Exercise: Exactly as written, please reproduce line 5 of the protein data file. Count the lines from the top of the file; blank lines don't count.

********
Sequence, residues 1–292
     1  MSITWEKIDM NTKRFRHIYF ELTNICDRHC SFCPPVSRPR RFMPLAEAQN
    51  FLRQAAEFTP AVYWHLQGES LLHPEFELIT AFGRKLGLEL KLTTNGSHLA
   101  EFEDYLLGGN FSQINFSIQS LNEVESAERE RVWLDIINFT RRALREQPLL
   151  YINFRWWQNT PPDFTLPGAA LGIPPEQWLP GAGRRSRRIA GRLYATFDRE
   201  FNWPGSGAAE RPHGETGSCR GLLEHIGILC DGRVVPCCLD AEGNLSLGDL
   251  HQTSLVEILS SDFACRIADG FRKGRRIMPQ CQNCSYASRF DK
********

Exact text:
   151  YINFRWWQNT PPDFTLPGAA LGIPPEQWLP GAGRRSRRIA GRLYATFDRE